At OUTspoken we are committed to platforming, developing and connecting LGBTQ+ women and those who are non-binary and supportive female allies.

Our vision is a world where female and non-binary voices and their unique stories and perspectives are heard. And one where there are more visible role models, in business, charity, media and society at large. 

Our mission is to provide the platforms, training, support and networking that empowers women and those who are non-binary to find their voice and confidence.

A key element of our mission is focused around representation at individual panels and conferences. Too often we only see one woman or one gender diverse person on a panel. And many LGBTQ+ events, business and media spaces lack queer female and gender diverse representation. This means vital perspectives remain unheard and role models are not seen.


We all know the good business reasons for greater diversity, and this extends beyond just employment. And we know many companies and sectors (especially tech, finance and medical) want to improve the senior leaders they have that are female and gender diverse.

Visibility matters to both existing and future employees. 

  • Research shows that queer women are looking for greater visibility in all sectors of public life, especially in the media and business. (Universal Mcann - The invisible Women Research 2019)

  • And when it comes to future workers, 80% of LGBTQ+ Generation Z jobseekers said that seeing visible LGBTQ+ role models and allies in senior ranks would significantly influence their decision to accept a job offer made by a prospective employer (My GWork - LGBTQ Student and Graduate Survey 2024)


We have three main elements to our charter:

  1. Equity on panels - Panels at LGBTQ+ events and conferences should be max 50% cis male with at least 50% being  female and gender diverse.

  2. Equal voices - Hosts should ensure that airtime is equally distributed and be aware that there is a proven tendency for men to speak longer and speak over women. Panelists should also be made aware of this and the need for equal airtime.

  3. Intersectionality - We also recognise within this you should focus on other factors; ethnicity, disability, age, class and social mobility and faith/religion. 


Sign up to agree to use our charter. We will then add your brand logo to the website as a supporter and adopter of the charter. Contact us Here

The charter is self regulatory. We will not be asking companies and organisations to directly feedback on stats but we will be sending surveys and pulling together charter adopters to provide feedback on an annual basis.


We recommend the following:

  • Explain to colleagues why you are adopting the charter, and where possible ask female and gender diverse colleagues to help explain why it’s important to hear their voices.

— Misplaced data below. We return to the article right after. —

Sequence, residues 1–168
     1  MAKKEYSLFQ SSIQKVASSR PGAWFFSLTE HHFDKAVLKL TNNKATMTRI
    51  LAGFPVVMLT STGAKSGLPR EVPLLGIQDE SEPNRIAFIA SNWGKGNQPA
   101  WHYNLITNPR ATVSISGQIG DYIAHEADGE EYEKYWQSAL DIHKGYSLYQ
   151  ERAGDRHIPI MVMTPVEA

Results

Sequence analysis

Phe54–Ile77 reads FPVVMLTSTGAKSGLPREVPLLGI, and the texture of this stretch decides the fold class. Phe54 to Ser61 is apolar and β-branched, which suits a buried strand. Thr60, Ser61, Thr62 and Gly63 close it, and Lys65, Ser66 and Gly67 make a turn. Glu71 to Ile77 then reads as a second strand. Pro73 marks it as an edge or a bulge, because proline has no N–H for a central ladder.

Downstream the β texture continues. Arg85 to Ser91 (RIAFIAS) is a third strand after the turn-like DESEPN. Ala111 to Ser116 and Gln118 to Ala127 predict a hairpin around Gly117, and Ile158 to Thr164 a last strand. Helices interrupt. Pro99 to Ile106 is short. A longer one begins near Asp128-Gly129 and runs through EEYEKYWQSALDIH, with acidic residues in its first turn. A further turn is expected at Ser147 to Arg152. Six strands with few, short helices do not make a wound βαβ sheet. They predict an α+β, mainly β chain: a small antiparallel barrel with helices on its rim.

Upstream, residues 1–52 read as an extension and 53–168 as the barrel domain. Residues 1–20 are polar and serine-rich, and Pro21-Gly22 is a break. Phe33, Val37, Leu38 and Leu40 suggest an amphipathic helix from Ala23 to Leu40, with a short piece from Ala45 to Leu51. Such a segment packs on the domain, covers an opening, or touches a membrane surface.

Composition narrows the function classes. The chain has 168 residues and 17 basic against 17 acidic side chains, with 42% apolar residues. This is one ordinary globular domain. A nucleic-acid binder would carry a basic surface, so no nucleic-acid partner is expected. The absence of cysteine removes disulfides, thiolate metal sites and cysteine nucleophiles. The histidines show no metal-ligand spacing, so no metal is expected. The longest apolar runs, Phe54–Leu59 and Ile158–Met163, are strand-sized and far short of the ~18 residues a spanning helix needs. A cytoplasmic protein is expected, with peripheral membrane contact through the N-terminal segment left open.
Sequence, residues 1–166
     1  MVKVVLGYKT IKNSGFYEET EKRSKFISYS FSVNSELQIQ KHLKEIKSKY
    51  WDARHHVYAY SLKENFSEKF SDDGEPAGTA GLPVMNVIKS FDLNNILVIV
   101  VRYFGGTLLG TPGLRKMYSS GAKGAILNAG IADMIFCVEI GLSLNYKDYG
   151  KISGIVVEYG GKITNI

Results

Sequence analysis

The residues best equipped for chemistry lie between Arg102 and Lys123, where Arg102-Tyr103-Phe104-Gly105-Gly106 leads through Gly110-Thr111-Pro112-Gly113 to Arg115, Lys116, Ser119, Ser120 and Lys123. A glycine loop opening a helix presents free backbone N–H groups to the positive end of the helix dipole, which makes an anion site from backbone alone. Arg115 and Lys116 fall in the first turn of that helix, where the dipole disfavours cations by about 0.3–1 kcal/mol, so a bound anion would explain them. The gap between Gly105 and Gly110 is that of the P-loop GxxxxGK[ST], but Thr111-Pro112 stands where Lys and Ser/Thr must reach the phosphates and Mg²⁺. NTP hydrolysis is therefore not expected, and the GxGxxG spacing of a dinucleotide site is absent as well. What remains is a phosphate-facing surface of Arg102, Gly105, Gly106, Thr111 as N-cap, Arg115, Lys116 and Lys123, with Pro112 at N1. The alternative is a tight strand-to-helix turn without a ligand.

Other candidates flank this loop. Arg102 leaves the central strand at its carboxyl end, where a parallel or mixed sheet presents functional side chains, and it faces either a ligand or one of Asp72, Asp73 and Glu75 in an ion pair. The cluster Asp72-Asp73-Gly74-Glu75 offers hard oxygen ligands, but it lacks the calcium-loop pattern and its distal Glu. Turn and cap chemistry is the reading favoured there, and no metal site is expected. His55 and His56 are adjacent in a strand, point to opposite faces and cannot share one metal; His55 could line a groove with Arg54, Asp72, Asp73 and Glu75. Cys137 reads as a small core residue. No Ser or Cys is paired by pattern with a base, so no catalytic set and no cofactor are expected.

• Make sure you start with a focus on 50% female and gender diverse panels. Many of our speakers get frustrated at being asked to attend and take part in events at short notice, when it’s suddenly realised there is a lack of diversity.

  • Explain this is not about taking away male voices but just making panels and conferences more equitable.

  • Measure the gender and intersectionality of panels and individual speakers at events during the year.

  • Encourage your queer male employers to back the charter and be aware of it when they are asked to take part in external panels or conferences (see below)

Link the charter to your own surveys and data to see any impact it has not just on LGBTQ+ women and those that are non-binary, but your wider focus on inclusion.

  • We recommend paying speakers for their expertise, time and lived experience. We leave it up to the individual speaker if they wish to donate their time for not-for-profits or any causes that they support.


One way of achieving the balance is for queer cis men to be active allies.

This March, to coincide with International Women’s Day we are asking male allies to support the need for greater equity on panels.

As part of this we will be announcing  our Founding OUTspoken Male Ambassadors at the end of March.

There are 4 things GBTQ+ male allies can do to support female and non-binary speakers.

  1. Just ask about the gender diversity of a panel before you go on it. We of course recognise the importance of male voices, but if it’s less than 50% male we ask you to recommend the organiser finds female or gender diverse panelist/s.

  2. Make yourself aware of great LGBTQ+ female and non-binary speakers. We make this easy for you, as you can just check out speakers on OUTspoken, or recommend us to companies and event organisers.

  3. Support great women and non-binary folks you know to be more confident about their expertise and voice. Our experience shows that many of the latter lack confidence and will not always put themselves forward for speaking slots.

  4. Understand more about some of the challenges that LGBTQ+ women and those who are non-binary face in the workplace. You can do this by asking them or taking part in the virtual Ally workshops OUTspoken is launching.